If I were going to generalize about this year's Toronto International Film Festival based on the films I saw Monday, I'd tell you that it's a great year for dramatic films based on true stories.
We've all seen it happen: A popular film feels pressured to produce a sequel. This pressure to produce a script results in inevitable failure. I mean, who hasn't said, at one point or another, that sequels are never as good? That being said, 22 Jump Street has broken the mold.
In 22 Jump Street, how cool would it have been for Channing Tatum to fall for the female equivalent of Jonah Hill: a normal-looking women with smarts, wit and kindness? How powerful would that message be for girls who don't look like a model, but who do have a lot to offer in relationships?
After I saw 22 Jump Street, I noted publicly that, while it was funnier than 21 Jump Street, so was my root canal. (Although the latter did include laughing gas.) Still, the bar wasn't particularly high.
The filmmakers are obviously acutely aware of what a minefield it can be when attempting to sequelize a successful comedy (helpfully lampshaded via a very funny prologue with the returning Nick Offerman), so they seem intent on playing with those tropes.
In between gasping for air, as you laugh at the absurdity of it all, you might not care that the directors, writers, two leads and wacky supporting cast like to wallow in their own jokes.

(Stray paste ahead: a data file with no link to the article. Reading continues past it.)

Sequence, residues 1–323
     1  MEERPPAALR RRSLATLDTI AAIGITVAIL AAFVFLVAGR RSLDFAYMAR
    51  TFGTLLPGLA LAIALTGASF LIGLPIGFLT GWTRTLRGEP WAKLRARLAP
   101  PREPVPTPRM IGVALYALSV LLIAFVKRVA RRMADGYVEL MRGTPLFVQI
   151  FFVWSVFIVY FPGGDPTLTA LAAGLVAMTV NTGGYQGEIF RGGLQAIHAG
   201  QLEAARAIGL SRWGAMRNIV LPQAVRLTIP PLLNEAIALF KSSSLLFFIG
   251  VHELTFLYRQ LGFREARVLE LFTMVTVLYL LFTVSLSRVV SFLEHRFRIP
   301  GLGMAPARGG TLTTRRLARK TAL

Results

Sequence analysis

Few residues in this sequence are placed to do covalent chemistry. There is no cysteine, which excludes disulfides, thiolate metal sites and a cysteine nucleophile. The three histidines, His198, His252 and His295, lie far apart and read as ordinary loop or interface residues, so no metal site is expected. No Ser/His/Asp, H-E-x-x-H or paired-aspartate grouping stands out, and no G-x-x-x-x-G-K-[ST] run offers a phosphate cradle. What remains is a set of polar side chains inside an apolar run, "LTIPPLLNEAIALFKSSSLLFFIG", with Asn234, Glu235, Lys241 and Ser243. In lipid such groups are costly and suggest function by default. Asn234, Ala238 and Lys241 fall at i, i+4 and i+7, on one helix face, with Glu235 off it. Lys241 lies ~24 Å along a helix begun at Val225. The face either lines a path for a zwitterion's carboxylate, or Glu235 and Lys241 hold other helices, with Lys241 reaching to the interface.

It is one of the best films in the competition at Cannes this year: Bennett Miller's Foxcatcher, based on the true story of a Du Pont family member who lured an Olympic wrestler (and his brother) to his estate to form a wrestling team, an invitation that led to tragedy.
Although the festival runs until Saturday, it's looking highly likely that Foxcatcher will take home a prize here. And frankly, I can't imagine the film not being nominated for at least a Best Picture Oscar.
I thought I would break down for you Channing Tatum's five gayest movie roles -- so far. And I say that because, as you'll see, they keep getting gayer and gayer. James Franco, beware! Tatum is catching up fast. And I couldn't be happier.
Like Antoine Fuqua's March release, Roland Emmerich's White House Down is a Die Hard clone, about a well-intended and highly skilled former military and law man who just happens to be the only one in the position to foil the terrorists doing the attacking.
Channing Tatum (G.I. Joe: The Rise of Cobra) and Jamie Foxx (The Truth About Cats and Dogs) make an unlikely team in this weekend's new disaster epi...
What would you talk to Channing and Jamie about? Any advice to share with a new dad and a dad of two girls?
If the first G.I. Joe movie was an F, Joe 2 is, at best, a C-. More likely a D+. Barely passing.
When is violence okay for kids? In the mind of the Motion Picture Association of America, violence without blood is a lesser form of violence that kids won't find disturbing. Films like G.I. Joe: Retaliation illustrate how bizarre that distinction is.
Read my 2009 review of G.I. Joe: The Rise of Cobra here Now that's more like it. G.I. Joe: Retaliation is the Joe movie I've been hoping to see sinc...
In the end, G.I. Joe: Retaliation is a stupid film that ignores the potent ideas seemingly right at the surface in favor of unimaginative action and bland characters.